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Dec
20
comment Why triple DES used in EDE mode?
Duplicate, with an extended answer on cryptography
Dec
20
comment Why triple DES used in EDE mode?
A keyed block cipher set to encryption is a permutation. A keyed block cipher set to decryption - and of course the same key - is just the inversed permutation. As you can always perform any permutation on a block of data, both encryption and decryption can be performed as long as a full block of data is available.
Dec
20
comment Why triple DES used in EDE mode?
Voted down not because the content is in error, but because the answer is simply too fluffy, never mind the exam.
Nov
28
comment How smart card with client certificate is used during SSL/TLS session
@StackzOfZtuff You may be right, although e.g. IE tends to rely on OS functionality, which - at least in principle - should be able to detect card removal.
Nov
28
comment How smart card with client certificate is used during SSL/TLS session
Note that the client itself may be programmed in such a way that the connection is severed whenever the card is made unavailable by the user (to protect the user from others to use the authenticated session).
Nov
27
comment SSL with both local client and server
Anybody could send any certificate, right? So I don't see any trust relationship being established that way. If you already know the certificate then you can just as well store the certificate itself.
Nov
27
answered SSL with both local client and server
Nov
25
comment Why include a private key in a root certificate?
The whole idea that the private key is part of the certificate is maybe to blame here. This (over) simplification is all over the Microsoft API's. So it may be just a mistake where too much was experted during certificate export.
Nov
9
awarded  Custodian
Nov
9
reviewed Approve Are the elliptical curves in ECDHE and ECDSA the same?
Nov
9
comment Do certificates need to be protected at rest?
PS I assumed that the certificates do not contain a private keys here, although private keys can certainly present in key/certificate stores. Private keys are linked to specific certificates, but they are not contained within them.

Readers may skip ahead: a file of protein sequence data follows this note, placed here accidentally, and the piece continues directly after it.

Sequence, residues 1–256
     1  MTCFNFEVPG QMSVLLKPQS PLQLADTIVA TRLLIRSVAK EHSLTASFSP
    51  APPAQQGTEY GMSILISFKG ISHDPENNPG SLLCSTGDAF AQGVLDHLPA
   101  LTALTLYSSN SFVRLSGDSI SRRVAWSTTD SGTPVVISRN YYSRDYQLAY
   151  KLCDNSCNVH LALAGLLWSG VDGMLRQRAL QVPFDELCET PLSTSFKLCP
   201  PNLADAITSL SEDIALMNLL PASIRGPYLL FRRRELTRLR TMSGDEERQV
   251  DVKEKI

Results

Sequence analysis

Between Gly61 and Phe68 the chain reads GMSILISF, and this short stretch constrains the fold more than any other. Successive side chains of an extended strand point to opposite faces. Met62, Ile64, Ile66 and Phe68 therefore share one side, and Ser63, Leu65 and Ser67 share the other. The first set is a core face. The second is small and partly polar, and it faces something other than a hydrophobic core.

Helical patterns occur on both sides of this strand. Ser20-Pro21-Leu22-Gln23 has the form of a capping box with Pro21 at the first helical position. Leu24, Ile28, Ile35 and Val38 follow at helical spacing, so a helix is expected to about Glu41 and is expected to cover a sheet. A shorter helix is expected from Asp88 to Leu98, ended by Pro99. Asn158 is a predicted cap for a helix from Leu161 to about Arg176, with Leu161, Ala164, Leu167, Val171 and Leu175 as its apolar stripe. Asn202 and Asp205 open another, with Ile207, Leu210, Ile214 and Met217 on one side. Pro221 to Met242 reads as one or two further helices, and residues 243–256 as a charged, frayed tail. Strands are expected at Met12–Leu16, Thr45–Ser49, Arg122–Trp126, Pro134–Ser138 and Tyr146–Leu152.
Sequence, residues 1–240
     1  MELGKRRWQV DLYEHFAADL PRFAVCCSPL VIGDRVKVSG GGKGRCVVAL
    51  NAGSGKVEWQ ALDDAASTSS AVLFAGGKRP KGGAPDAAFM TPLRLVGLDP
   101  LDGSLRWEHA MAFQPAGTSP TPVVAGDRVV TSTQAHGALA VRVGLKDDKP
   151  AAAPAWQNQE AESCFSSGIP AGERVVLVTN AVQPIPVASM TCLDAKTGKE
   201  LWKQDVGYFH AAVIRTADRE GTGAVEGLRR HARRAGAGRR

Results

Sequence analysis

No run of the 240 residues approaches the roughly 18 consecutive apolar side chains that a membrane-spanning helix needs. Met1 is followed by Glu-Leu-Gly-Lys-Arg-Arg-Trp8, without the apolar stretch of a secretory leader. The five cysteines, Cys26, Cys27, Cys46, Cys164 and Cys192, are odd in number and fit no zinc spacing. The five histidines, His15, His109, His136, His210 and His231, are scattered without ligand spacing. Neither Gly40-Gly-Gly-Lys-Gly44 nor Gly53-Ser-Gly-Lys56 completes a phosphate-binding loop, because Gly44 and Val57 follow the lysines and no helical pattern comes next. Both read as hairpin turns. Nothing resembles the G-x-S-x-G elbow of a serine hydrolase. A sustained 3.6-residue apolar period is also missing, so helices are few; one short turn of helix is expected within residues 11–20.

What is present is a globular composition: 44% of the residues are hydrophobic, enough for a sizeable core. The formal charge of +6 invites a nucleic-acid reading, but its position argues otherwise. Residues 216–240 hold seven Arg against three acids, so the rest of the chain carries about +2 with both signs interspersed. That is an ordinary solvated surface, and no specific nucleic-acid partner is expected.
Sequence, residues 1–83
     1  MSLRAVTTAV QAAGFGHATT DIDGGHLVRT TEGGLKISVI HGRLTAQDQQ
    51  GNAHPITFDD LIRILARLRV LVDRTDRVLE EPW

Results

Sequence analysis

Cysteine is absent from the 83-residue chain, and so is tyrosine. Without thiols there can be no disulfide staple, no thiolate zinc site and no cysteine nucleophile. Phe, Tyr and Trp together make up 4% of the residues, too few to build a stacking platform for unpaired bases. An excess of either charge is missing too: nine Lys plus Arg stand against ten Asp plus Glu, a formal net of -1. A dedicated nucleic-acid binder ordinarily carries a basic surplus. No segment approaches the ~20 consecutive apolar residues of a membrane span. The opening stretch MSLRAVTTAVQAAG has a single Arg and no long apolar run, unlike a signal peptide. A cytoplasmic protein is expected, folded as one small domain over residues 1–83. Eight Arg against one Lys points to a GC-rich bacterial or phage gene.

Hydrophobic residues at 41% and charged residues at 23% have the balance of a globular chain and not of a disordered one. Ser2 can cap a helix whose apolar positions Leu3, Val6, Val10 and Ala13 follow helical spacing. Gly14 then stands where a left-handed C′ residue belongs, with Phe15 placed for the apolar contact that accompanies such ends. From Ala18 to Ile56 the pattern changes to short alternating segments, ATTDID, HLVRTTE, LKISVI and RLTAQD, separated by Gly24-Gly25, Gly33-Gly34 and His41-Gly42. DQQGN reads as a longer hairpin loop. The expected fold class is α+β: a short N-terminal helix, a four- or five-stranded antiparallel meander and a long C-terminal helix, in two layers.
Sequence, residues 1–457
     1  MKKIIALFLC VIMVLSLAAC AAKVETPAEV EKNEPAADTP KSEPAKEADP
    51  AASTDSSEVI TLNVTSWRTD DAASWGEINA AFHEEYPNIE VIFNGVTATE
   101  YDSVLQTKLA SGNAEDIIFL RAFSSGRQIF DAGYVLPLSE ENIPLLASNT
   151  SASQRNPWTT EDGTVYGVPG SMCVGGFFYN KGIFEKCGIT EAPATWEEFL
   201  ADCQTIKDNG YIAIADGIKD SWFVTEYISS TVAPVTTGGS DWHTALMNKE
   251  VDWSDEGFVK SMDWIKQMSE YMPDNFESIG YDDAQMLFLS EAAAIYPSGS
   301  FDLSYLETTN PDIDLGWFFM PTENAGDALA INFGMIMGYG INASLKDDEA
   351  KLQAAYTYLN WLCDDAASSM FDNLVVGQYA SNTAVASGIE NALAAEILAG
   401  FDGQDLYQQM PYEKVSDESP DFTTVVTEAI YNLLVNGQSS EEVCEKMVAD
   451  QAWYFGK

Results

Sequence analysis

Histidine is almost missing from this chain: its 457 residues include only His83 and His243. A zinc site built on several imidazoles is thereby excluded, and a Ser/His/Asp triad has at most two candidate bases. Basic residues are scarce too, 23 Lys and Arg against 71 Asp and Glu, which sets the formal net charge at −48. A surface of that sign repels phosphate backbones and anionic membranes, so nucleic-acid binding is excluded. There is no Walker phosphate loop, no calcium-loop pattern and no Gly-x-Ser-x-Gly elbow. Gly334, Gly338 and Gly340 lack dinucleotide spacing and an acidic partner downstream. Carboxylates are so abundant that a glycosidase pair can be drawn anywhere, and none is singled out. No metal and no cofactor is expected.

Nov
9
answered Do certificates need to be protected at rest?
Nov
8
comment Safe to store encrypted data with (password protected) pfx file
That presumption is a bit tricky. Complex passwords are very hard to remember, especially if you don't want to reuse them. So storing the PFX file separately may add a layer of security.
Nov
8
answered Stacking Encryptions (Stream over Block)
Nov
8
answered Are the elliptical curves in ECDHE and ECDSA the same?
Nov
8
comment Asymmetric vs symmetric encryption benchmarks
Did you just tell him to go fish?
Nov
6
answered DHE_RSA Pubkey Length in TLS 1.2?
Nov
3
comment Why hashing algorithms in layer 2 are weak?
MD5 can be cracked with very limited amount of resources, if not a pocket calculator (yes, not for pre-image attacks though). No SHA1 collisions so far, so it's certainly not easy to do (but very likely possible by now). Note that key derivations functions (password hashing is a subset of that) are usually not affected when it comes to attacks on the hash function used. MD5 can be secure if a salt and enough iterations are used (1000 is a very low count though for relatively simple passwords).
Nov
3
comment When I visit a site using HTTPS is it exposed to sniffers?
The IP address would also be a pretty big hint. The IP header isn't encrypted, only the TCP data within it. As for your last question: no, but beware that the size of the big long secret may show, i.e. an attacker may be able to see that you go to something with a big long ... secret.
Nov
2
comment Do we still need to encrypt/decrypt data in Application Layer, despite using TLS/SSL?
"to selectively apply security protection on individual applications" - that sentence does not say anything really... what's "security protection"? "The procedure can be done without concerning the network layer" - well, the most many applications see is TCP sockets, and you need to replace or tunnel those. "only the application layer data is actually encrypted"... and there's me thinking that it is transport or socket layer security. "So, all you need is HTTPS/SSL with client authentication. Adding a second layer of encryption doesn't actually add any security. " Life is not that simple.